Alpheus Medical has secured a $16m in series A financing for its novel non-invasive sonodynamic drug-device therapy system to treat recurrent high-grade gliomas.

The funding will be used by the company to conduct a first-in-human (FIH) clinical trial with its non-invasive sonodynamic therapy system to treat fatal brain cancer called recurrent glioblastoma multiforme (rGBM).

The round, which was co-led by OrbiMed Advisors and Action Potential Venture Capital, saw participation from SV Health Investors venture fund Medtech Convergence Fund, National Brain Tumor Society’s affiliate Brain Tumor Investment Fund and American Cancer Society’s impact venture capital arm BrightEdge.

Designed to deliver whole hemisphere treatment, the non-invasive sonodynamic therapy will enable to selectively target and kill cancer cells through an outpatient procedure. When required, the procedure may be repeated for the treatment of the disease, the company said.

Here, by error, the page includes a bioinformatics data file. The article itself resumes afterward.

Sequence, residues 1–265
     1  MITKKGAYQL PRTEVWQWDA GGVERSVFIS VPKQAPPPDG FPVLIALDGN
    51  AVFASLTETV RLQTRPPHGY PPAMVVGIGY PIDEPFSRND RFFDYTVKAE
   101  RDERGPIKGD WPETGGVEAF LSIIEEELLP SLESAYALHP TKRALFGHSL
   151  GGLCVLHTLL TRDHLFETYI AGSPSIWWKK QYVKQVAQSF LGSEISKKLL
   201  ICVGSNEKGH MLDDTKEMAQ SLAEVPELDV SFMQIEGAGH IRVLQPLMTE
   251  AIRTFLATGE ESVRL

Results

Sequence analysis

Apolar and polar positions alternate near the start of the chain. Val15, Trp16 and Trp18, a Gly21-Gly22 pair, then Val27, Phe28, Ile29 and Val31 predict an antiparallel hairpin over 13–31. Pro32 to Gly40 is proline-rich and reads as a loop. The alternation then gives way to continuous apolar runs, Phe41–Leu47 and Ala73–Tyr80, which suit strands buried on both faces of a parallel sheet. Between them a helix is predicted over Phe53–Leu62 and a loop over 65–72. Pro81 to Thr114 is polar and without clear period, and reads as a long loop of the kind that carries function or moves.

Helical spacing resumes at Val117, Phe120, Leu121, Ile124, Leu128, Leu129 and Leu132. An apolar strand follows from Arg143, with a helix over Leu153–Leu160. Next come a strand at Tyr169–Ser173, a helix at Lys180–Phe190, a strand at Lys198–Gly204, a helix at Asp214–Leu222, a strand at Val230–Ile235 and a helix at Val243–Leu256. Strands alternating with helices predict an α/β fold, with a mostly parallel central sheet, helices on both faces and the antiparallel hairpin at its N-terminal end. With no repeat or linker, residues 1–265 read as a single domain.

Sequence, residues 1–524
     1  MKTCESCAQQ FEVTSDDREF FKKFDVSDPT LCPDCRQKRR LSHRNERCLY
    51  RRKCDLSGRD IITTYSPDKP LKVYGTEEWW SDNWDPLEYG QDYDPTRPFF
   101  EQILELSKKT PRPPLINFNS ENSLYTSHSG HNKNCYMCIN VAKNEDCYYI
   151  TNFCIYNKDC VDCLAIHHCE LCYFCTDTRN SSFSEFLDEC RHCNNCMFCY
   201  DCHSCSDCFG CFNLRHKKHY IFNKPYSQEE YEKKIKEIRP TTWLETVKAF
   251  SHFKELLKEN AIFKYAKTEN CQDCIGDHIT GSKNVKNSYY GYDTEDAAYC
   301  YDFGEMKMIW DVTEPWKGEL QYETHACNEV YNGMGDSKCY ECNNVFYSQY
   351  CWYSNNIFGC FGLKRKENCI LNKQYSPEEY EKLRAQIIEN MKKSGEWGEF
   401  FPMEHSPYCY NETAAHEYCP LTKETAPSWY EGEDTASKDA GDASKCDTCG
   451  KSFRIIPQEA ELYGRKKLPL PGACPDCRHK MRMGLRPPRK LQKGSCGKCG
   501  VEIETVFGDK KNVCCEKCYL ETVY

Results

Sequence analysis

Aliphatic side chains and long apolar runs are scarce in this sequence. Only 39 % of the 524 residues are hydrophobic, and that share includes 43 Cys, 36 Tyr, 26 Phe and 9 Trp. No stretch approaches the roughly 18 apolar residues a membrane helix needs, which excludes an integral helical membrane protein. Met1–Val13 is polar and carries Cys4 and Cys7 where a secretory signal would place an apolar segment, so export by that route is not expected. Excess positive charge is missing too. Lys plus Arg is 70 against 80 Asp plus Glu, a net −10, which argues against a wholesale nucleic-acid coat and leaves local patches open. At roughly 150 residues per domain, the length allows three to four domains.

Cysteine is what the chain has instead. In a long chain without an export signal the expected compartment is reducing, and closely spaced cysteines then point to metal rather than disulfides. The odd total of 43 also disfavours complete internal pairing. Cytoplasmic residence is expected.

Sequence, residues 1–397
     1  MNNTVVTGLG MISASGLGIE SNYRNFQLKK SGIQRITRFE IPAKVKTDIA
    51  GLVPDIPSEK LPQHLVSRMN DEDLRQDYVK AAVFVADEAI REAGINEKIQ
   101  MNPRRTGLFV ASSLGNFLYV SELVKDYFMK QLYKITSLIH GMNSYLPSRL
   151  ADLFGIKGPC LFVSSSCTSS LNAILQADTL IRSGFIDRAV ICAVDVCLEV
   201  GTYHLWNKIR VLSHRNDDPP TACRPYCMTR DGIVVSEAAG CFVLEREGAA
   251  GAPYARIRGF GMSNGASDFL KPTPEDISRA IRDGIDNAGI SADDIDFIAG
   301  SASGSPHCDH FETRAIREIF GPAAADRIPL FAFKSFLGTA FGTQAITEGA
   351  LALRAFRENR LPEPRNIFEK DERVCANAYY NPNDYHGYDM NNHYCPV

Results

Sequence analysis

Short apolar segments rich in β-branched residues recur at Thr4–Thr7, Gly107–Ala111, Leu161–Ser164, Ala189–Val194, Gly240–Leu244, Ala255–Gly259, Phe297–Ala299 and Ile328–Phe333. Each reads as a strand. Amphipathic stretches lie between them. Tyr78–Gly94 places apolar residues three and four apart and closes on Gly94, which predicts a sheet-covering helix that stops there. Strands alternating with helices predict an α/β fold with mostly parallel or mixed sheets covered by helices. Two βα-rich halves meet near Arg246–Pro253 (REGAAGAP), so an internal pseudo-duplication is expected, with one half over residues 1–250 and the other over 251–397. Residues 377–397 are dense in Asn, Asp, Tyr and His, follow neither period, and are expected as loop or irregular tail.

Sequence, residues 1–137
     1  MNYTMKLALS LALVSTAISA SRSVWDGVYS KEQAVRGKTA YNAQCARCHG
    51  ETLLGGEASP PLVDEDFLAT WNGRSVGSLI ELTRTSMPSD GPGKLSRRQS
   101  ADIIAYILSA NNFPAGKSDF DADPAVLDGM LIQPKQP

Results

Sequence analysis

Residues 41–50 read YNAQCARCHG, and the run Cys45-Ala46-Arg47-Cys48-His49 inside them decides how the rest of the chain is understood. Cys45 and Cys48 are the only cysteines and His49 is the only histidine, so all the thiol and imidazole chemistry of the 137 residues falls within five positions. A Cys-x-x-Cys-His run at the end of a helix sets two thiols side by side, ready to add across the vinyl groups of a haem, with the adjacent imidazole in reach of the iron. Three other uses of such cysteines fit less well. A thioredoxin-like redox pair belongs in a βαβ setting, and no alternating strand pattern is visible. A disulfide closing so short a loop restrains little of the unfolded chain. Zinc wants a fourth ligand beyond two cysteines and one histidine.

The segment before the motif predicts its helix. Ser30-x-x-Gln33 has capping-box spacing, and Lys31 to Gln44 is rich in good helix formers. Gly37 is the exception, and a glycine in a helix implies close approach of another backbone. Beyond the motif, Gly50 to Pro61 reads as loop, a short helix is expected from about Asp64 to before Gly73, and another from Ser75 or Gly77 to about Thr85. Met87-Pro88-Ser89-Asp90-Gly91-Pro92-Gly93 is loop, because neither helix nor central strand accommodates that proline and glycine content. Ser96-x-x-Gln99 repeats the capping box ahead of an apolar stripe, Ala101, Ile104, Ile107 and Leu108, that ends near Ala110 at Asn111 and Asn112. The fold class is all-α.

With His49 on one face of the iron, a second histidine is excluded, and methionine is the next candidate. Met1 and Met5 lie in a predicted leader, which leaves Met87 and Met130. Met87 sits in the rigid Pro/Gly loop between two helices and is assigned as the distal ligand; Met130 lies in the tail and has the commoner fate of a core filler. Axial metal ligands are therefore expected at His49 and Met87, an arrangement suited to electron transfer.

As part of the multi-site study, the company will assess the safety, feasibility and molecular and clinical effects of the sonodynamic therapy treatment in patients with recurrent high-grade gliomas.

The company is planning to begin the recruitment of patients in the trial in the coming months.

Alpheus Medical executive chairman and OrbiMed venture partner Dr Klaus Veitinger said: “Glioblastoma tumors are located within the blood-brain barrier and are very difficult to treat due to their heterogenous and invasive nature.

“Treatment of these devastating tumors is currently limited by procedures that are highly invasive, may not be repeated, often result in complications, and in many situations lead to undesirable quality of life trade-offs for the patient.”

Using a sonodynamic approach, the drug-device combination selectively accumulates in cancer cells and becomes active under low intensity ultrasound to eliminate the tumour cells.

Alpheus’ ultrasound delivery device delivers SDT therapy to trigger cell death in only the cancer cells that have absorbed the drug, upon administration of the drug.

The therapy also helps to avoid the use of concomitant imaging such as a magnetic resonance imaging (MRI).